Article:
This lead to the creation of a set of free-ware small command line utilities that allowed people to create report files they could then sent me, and others that could be run using a batch file and do stuff on a hard disk at the sector level. So people would sent me reports, and if I determined I could fix it, I sent a batch-file in return that would automatically edit their disk, without the need for talking hex language while on the phone.

I did that all from home in my spare time. I had this simple 'one-page' website that listed the tools and some explanations on how to use them, and it had an email address that they could use to contact me. At the same time I further developed the utilities to make them more generic so they would be able to help people to recover data that was lost not due to PartitionMagic FUBAR situations.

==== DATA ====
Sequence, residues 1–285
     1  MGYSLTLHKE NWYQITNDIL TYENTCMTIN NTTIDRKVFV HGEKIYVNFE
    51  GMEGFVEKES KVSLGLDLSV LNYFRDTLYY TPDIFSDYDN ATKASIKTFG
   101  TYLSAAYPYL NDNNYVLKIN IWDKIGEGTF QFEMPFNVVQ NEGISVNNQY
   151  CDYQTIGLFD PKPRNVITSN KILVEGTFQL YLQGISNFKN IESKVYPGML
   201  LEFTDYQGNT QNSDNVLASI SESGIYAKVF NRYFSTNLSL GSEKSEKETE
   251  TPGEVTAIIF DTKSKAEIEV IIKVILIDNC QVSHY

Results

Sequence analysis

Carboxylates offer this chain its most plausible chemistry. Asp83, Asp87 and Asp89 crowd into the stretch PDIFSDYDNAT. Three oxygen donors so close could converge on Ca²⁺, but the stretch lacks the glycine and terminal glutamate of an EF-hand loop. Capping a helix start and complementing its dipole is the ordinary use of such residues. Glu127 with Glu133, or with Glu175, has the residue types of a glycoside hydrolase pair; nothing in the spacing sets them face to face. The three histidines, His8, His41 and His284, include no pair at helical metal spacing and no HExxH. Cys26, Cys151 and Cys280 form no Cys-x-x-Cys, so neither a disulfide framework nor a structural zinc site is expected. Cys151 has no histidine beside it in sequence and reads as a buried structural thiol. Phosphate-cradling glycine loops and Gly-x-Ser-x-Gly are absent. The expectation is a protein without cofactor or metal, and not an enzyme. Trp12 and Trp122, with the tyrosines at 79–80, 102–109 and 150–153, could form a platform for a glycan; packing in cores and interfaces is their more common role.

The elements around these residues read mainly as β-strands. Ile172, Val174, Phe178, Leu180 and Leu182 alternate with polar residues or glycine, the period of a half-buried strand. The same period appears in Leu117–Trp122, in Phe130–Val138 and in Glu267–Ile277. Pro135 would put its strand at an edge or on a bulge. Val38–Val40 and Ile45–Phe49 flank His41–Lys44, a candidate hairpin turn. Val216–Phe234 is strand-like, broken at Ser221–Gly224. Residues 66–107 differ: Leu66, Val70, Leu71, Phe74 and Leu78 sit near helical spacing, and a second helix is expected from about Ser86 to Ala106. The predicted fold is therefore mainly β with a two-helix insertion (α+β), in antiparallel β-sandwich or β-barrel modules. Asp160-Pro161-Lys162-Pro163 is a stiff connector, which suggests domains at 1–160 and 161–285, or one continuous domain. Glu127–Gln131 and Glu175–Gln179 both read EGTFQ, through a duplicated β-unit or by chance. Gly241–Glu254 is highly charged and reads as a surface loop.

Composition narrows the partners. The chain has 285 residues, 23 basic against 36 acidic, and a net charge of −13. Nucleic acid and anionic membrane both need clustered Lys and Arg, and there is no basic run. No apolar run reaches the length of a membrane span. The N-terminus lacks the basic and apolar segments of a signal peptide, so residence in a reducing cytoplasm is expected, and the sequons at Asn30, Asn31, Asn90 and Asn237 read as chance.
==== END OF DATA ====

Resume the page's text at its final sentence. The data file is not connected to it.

The first thing that had something like a user interface, that scanned the disk for file system structures was called RepoMan. It was simple enough for a lot of people to be used and all it did was scan a disk and produce a text file. A buddy of mine (Tom) wrote mbrtool and based on that I wrote mbr-rescue. Mbr-rescue brings us back to the command line again, and it accepted a bunch of command line arguments.

Result was, that when I came home from work, it was not uncommon for me spending hours on replying to emails, going through RepoMan reports and creating batch files for people to fix hard disks using mbr-rescue. It was simply too much. I then started charging a small fee for support, I think it was $7.50 back then. the tools themselves were free, but if someone wanted me to analyze their reports etc., they had to pay this small fee. Meanwhile an improved version of mbr-rescue was released. It incorporated the RepoMan scan feature and it would also allow people to interactively to undelete partitions. It was also capable of handling disks that were larger than 8 gigabytes!